What to do when it rains!

Now you see it now you don’t. Its there one minute and gone the next – but its still there. Derelict houses – residues of lives – mist.

It rained heavily all night. At 5am it was light but the view from the window was grey white mist – not an island in sight. They appeared later in the morning but then disappeared again as heavier rain fell again. I met my new neighbour briefly, Nicole, a painter from New York. It is getting dark now at 11am and the lights in the main area downstairs don’t work.

Finally around 4pm the sky brightened a bit and the rain appeared to stop. I had been drawing pretty well non-stop all day so I felt in need of a break. I set off up the lane to Bolus Head. Our resident orphan lamb was outside the cottage bleating and the mackerel artist was trying to feed it with an improvised teat made out of a plastic bag!

The wind was warm but the mist very dense. I couldn’t even see the sea although I could hear its constant even murmur in the background. I walked up, it climbs steeply and there were more derelict buildings on the Cliffside. Poignantly, one was just the end wall facing the sea, tiny now, with a gaping hole that was once a window. This was all that remained of someone’s home, someone’s life.

I walked until I could hardly see twenty metres ahead before I turned back. A high pitched call, a few words, a girls voice perhaps emerging out of the mist, but no, just a lamb or a gull. Foxgloves and fuchsias glowing wild, sheep’s’ wool, I heard the shearers this morning, like spume dancing in the wind. As I walked down again the wind suddenly dropped and the mist began to clear. I could see the line of the cliffs below with waves breaking against them.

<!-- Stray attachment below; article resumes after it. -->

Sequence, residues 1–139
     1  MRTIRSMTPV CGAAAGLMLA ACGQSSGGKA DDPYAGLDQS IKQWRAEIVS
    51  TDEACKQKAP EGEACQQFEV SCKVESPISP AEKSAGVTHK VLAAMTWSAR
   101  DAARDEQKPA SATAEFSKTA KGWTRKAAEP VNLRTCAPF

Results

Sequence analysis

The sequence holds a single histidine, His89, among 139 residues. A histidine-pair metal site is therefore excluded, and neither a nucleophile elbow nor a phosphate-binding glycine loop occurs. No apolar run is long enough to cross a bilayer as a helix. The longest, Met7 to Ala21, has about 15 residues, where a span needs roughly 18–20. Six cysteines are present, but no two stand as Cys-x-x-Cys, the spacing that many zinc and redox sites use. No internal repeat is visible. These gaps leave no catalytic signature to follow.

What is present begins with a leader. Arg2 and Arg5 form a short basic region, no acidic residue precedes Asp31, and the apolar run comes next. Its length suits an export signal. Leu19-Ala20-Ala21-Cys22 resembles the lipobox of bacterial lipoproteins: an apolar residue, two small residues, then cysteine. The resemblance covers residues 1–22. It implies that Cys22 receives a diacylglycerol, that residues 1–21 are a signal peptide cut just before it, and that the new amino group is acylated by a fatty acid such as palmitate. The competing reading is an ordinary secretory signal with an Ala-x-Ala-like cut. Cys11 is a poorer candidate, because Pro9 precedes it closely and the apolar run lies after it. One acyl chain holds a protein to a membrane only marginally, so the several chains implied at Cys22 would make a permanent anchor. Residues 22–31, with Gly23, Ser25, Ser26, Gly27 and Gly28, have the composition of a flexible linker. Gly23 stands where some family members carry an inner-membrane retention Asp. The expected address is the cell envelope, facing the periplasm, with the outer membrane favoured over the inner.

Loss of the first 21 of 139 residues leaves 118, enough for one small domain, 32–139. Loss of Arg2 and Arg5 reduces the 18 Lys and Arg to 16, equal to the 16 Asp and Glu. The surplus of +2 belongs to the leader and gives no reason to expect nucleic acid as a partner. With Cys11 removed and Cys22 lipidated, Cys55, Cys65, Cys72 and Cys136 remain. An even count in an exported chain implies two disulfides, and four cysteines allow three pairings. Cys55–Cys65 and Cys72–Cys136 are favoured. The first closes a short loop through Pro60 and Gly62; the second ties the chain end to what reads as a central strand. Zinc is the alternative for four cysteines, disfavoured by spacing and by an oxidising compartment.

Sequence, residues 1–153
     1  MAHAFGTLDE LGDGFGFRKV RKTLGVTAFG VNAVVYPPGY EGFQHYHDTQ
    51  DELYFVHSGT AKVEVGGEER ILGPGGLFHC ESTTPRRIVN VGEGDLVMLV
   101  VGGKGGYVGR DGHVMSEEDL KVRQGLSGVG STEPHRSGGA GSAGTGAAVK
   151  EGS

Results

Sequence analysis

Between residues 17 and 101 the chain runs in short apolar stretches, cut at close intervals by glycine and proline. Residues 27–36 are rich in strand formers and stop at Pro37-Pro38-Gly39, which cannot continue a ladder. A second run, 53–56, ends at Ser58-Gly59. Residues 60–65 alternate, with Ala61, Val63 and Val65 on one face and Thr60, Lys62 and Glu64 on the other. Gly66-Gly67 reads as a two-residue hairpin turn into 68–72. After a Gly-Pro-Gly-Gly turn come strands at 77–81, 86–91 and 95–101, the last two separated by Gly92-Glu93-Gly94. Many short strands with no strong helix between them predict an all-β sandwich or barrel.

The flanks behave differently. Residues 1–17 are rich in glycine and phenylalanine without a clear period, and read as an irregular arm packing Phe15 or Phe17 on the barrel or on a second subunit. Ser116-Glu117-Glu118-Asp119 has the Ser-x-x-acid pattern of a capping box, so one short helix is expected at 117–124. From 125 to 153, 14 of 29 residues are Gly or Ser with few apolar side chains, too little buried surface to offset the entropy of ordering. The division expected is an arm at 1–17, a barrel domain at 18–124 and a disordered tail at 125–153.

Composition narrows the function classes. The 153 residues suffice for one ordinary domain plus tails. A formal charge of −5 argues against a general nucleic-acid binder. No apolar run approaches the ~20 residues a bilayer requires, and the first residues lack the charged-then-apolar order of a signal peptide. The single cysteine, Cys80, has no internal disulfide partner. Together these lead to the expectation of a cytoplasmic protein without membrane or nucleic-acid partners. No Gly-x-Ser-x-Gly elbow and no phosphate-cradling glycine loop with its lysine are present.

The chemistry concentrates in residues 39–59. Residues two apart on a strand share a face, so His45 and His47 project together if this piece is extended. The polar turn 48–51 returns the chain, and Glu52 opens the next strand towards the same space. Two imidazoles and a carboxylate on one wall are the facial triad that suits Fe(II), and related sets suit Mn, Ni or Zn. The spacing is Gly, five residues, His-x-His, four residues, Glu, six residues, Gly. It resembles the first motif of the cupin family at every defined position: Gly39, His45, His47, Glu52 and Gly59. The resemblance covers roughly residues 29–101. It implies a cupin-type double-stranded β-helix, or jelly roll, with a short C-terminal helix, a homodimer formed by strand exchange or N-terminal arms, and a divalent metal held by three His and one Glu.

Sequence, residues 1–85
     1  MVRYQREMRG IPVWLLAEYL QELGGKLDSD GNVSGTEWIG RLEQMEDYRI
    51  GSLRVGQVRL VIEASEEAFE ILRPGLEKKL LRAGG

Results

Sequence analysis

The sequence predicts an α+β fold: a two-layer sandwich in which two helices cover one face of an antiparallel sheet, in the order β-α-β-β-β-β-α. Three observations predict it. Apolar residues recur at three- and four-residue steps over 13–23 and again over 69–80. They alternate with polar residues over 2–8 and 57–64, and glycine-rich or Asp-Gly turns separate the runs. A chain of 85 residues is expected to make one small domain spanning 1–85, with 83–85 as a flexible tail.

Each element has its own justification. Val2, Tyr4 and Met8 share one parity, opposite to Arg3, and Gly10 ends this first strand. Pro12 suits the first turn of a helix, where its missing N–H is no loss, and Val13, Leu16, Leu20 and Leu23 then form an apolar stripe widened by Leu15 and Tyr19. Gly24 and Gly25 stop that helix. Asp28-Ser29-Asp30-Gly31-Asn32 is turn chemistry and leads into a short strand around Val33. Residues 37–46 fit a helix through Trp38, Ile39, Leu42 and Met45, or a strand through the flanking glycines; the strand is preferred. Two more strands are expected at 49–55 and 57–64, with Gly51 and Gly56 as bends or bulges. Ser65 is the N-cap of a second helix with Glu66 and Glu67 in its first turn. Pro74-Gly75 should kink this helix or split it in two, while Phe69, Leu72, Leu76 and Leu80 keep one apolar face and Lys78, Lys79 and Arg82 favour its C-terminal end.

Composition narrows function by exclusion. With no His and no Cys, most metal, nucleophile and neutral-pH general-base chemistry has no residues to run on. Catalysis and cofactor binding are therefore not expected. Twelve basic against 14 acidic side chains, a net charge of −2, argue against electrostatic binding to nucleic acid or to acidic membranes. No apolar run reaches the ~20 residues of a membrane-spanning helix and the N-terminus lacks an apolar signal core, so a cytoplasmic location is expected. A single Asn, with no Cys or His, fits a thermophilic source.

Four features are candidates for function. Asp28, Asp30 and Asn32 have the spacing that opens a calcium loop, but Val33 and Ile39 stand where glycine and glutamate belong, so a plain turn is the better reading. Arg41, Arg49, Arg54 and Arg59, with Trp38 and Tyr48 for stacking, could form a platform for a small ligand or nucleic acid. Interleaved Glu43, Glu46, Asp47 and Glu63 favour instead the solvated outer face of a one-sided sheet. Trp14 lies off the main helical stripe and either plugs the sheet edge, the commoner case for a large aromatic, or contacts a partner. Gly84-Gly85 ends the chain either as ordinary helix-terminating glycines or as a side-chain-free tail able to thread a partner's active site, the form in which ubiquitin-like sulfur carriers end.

The drawings I have been doing since last night have suddenly moved up a gear. They have moved away from recording the jaggedness of the cliffs to marks left on empty buildings. Those unthought-of residual marks that people make, paint splashes, torn wallpaper, the recording of children’s heights as they grow. Things written on walls, lives watched, generations of individuals observed by the unseeing walls of a house. Those are the secrets contained within the walls and when the house breaks apart the secrets are blow away like ‘rain on the wind’. (Walter Macken).

4 Responses to “What to do when it rains!”

  1. annabelwilson Says:

    Oh you do write beautifully!!
    Recording the marks on the buildings is a new departure, it is obviously very grey there as your images of the work are not too clear. I will just have to wait to see them when you return.
    Annabel x
    http://www.townhillstudio.co.uk

  2. perrypatetic Says:

    What wonderful images; so sympathetic to the landscape and the environmental conditions. I love that quality you bring to your writing, that the messages hidden in the mist and the murk are more potent for being just beyond reach. Your ideas about residues are so stimulating. Do you enjoy lingering/loitering in graveyards? Michael xx

  3. forkhandles Says:

    Yes F – you do write beautifully! That last para….interesting what happens when the edges blur on the landscape…things seem to sharpen on the inside. All so wonderful!
    I think you like the rain!
    A

  4. fiona Says:

    No I don’t enjoy lingering in graveyards! I don’t like the idea of walking over graves – and here – too many dead babies.

    I’m not sure I like the rain, especially when it stops me going out. However it does make me stay in the studio and draw and I like what is happening in the drawings. They seem to be becoming more staccato which is interesting.

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